Ipswich, Massachusetts, USA - 1854 - Ipswich
Ipswich, a post-village, port of entry, and one of the shire-towns of Essex county, Massachusetts, is situated on both sides of a river of its own name, about 4 miles from the sea, and ou the Eastern railroad, 25 miles N. N. E. from Boston. Ipswich river affords good water-power, and at its mouth is an excellent harbor. It is crossed by a stone bridge, built in 1764, at a cost of 1000 pounds. The village is very pleasant, and contains, besides the county buildings, 3 or 4 churches, a house of correction, a county insane asylum, and a flourishing female seminary. It has several vessels engaged in the coast trade and the fisheries. The shipping of the port, June 30th, 1852, amounted to an aggregate of 521 tons enrolled and licensed. During the year one schooner of 88 tons was admeasured. Manufacturing is also carried on to some extent. The Indian name of Ipswich was Agawam, signifying fishing station. Incorporated in 1634. Population, about 3000; of the township, 3349.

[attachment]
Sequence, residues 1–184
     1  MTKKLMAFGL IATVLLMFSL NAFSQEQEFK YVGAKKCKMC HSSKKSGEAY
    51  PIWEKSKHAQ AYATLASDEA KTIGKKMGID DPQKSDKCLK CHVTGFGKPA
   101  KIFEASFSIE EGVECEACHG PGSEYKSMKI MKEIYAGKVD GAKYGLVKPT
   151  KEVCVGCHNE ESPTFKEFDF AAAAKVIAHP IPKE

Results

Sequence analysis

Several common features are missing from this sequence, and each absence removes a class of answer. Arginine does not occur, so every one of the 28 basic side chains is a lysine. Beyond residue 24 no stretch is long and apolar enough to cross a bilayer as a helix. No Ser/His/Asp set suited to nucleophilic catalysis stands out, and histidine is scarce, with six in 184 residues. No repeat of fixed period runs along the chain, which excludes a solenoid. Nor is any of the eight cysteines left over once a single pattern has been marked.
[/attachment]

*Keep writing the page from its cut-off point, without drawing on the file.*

A New and Complete Gazetteer of the United States: Giving a Full and Comprehensive Review of the Present Condition, Industry, and Resources of the American Confederacy ... Thomas Baldwin (of Philadelphia.) Joseph Thomas January 1, 1854 Philadelphia : Lippincott, Grambo & Company 1854.
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